Admission Price: Free to attend
Speaker: Dr Sharon Stevelink, Lecturer, King's College London
A comparison with general working population
Centre for Mental Health at the School of Health Science, City, University of London welcomes Dr Sharon Stevelink to discuss her doctoral research as part of the research seminar series.
It is our responsibility to protect and look after the health of members of the emergency services as this directly impacts on the country’s readiness to respond to these disasters and is a critical part of our duty of care towards this important group of workers. This study examined the mental health outcomes and associations with individual and job characteristics among emergency services personnel compared to a random sample of working people, thereby using data from the UK Biobank.
This data source contains data on over half a million adults in the UK, who were at the time of recruitment between 40-69 years. Over 280,000 reported being in work. Current emergency services personnel were identified based on Standard Occupational Classification (SOC) 2000 codes. A random sample of age and sex matched people working in other occupations were selected from the UK Biobank for comparative purposes. The prevalence of the outcomes of interest, based on current and life time measures of depression, anxiety, alcohol misuse, post-traumatic stress disorder, suicide and trauma will be presented. Recommendations for further practice will be outlined.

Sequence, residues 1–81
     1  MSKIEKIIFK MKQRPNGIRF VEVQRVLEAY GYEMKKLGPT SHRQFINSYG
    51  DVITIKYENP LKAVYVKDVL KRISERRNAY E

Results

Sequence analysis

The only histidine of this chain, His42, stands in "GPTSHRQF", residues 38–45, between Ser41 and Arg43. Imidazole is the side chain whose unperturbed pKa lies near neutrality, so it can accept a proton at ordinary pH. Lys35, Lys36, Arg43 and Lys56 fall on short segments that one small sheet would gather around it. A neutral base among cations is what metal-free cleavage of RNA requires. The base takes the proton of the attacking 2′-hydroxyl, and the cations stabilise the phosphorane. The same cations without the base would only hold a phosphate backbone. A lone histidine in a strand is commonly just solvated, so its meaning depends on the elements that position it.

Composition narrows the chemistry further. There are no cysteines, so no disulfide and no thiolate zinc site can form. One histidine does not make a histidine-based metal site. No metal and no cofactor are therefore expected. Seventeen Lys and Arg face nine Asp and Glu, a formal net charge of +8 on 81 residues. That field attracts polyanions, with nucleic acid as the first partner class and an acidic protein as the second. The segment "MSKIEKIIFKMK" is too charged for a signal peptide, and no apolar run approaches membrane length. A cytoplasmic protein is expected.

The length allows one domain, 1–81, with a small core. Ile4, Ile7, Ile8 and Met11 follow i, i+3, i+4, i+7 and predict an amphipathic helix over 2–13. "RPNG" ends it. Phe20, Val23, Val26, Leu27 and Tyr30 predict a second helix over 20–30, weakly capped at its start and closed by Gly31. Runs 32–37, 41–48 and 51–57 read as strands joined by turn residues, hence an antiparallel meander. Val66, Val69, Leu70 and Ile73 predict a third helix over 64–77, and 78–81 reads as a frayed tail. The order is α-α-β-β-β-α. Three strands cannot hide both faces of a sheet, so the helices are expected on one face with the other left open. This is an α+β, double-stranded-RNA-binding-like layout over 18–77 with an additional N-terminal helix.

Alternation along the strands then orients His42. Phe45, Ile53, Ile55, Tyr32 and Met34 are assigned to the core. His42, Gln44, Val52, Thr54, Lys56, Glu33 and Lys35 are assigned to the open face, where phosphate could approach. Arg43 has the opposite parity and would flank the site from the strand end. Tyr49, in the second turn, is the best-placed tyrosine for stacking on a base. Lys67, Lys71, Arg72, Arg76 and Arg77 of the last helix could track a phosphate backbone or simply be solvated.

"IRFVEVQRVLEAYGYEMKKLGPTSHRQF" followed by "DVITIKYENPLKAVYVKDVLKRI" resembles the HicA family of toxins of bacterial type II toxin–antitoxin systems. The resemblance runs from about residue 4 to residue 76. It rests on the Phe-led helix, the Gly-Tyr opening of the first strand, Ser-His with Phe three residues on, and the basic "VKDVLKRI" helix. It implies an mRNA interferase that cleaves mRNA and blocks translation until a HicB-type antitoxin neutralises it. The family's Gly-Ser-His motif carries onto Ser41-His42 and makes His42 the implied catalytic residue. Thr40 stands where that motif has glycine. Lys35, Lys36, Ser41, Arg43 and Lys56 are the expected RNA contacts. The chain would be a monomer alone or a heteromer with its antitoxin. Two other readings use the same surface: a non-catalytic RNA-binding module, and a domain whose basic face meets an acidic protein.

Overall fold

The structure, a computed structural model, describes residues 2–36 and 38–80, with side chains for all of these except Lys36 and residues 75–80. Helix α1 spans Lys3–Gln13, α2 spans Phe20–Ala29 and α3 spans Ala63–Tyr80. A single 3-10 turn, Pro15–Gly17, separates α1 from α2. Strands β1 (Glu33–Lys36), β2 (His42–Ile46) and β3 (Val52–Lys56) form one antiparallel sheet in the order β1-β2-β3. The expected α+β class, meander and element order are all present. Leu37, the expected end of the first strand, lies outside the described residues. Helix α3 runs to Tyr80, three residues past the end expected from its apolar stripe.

About the speaker
Dr Sharon Stevelink is a lecturer in Epidemiology at King’s College London with a specific focus on occupation and mental health. My research portfolio includes projects examining the mental health and well-being of occupational groups (e.g. military personnel, fire fighters, police as well as specific patient groups (e.g. patients with chronic fatigue syndrome and people accessing secondary mental health care). Further, my research interests include help-seeking behaviour, occupational functioning and the evaluation of interventions among those with mental health problems.
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When and where
12.45pm - 2.00pmMonday 28th January 2019